Waldron College of Health and Human Services hosts 7th annual Interprofessional Symposium & Expo
For the first time in three years, Waldron College of Health and Human Services students and faculty gathered in person to present research and share ideas at the Interprofessional Symposium and Expo, held in Heth Hall on April 14, 2022.
The seventh annual daylong celebration of original research from the college presented an opportunity for those involved to share research via poster and podium presentations well as roundtable exercises. It was the first in-person version of the event since 2019 due to the COVID pandemic.
The day began with a welcome from Kenneth M. Cox, Au.D., dean of the college. He said that the event's objective was to develop relationships among the faculty and students in all of the college’s programs in the areas of research, scholarship and service.
“We are excited to showcase the exceptional research and scholarly work of our faculty and students, as well as the service opportunities in which they engage every day, and highlight our university and community partnerships,” Cox said. “It is our hope that today’s event will continue to showcase and promote interprofessional scholarship and service in our college, across the university and throughout the community.”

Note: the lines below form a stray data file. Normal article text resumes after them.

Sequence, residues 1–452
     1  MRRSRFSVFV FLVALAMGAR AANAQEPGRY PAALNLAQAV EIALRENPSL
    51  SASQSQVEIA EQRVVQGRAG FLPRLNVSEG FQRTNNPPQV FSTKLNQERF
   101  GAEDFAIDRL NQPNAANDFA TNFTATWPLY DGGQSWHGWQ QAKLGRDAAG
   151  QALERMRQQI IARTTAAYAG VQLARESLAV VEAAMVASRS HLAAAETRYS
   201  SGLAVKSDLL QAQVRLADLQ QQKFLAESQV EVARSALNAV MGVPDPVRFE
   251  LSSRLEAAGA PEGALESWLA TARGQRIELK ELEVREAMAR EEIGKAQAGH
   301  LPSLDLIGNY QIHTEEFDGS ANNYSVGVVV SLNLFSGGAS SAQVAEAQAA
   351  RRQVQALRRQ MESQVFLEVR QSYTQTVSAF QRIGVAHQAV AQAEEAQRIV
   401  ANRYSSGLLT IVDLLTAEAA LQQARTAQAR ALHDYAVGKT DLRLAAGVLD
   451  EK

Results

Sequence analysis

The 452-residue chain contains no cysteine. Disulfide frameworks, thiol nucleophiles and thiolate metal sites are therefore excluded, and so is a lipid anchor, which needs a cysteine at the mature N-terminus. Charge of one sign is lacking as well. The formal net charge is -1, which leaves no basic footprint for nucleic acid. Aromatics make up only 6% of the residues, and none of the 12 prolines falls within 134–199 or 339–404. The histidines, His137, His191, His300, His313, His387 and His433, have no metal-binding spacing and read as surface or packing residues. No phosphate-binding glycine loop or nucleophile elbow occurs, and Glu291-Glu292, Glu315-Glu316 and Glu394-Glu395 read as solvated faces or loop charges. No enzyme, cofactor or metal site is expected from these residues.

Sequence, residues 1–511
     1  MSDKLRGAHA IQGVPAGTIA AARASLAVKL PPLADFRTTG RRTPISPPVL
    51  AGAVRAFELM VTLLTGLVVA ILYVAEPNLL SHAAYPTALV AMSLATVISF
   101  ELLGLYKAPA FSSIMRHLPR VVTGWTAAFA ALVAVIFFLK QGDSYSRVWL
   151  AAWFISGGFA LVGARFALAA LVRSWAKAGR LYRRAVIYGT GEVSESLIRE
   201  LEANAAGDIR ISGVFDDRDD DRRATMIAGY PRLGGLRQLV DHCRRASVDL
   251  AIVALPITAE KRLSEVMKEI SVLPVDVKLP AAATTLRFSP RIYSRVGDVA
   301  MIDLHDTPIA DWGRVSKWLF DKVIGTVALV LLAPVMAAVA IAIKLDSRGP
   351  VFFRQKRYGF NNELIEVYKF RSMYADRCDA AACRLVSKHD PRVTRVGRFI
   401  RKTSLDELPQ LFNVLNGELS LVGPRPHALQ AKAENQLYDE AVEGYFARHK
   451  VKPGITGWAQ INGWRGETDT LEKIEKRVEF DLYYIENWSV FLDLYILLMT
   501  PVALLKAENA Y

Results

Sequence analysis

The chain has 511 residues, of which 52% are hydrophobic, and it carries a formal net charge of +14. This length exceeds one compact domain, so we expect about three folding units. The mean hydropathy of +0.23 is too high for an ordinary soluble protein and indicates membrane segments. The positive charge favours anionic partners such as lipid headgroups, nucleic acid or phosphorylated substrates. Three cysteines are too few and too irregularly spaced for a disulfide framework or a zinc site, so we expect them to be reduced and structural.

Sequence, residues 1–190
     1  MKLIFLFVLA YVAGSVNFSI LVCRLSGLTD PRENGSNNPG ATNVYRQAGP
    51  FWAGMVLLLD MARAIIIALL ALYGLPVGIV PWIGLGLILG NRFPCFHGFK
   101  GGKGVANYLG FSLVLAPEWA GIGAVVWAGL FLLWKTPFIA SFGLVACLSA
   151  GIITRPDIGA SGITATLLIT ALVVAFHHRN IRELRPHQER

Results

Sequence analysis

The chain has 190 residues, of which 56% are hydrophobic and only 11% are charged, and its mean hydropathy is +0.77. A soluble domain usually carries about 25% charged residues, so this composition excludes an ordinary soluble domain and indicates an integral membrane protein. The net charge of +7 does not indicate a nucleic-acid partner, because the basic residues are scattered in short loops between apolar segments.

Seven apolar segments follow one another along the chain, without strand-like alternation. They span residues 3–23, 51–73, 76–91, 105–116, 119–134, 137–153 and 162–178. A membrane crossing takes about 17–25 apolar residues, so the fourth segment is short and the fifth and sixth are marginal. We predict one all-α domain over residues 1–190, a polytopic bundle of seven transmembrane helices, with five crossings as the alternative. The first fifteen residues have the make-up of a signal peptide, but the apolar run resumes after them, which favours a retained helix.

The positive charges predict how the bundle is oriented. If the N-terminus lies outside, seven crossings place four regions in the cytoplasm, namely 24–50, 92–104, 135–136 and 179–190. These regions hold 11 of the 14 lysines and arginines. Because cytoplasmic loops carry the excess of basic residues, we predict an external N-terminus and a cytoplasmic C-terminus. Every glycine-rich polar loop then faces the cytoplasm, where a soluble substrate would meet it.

The keynote address was presented by Corey Cassidy, Ph.D., executive director of the Radford University Academic Success Center. Cassidy, who organized the event from 2014 to 2019, focused her remarks on her history with the university and on the six types of working genius, a professional assessment tool that has helped members of her team discover their specific roles in their collective workflow and success.
Cassidy said that the symposium and expo has grown significantly over the years to include a number of programs throughout Waldron College and an expanding range of study areas from students and faculty.
“It started off small with the intention of sharing our work across disciplines,” Cassidy said. “We wanted to help people think about how they could collaborate and build on the research we were already doing.”
Cassidy said that a great example of how this collaboration has happened due to the event was when a nursing faculty member presented about the international service he was doing. Faculty members from occupational therapy and speech-language pathology responded that they were interested in participating and joined the nursing faculty member the next year for a medical mission trip to Belize.
“Over time, they began bringing their students on the trips, completed an independent study and created assessments and tools for teachers there,” Cassidy said. “It all started with a nurse and her presentation at the symposium, turning into a multidiscipline collaboration that helped many people.”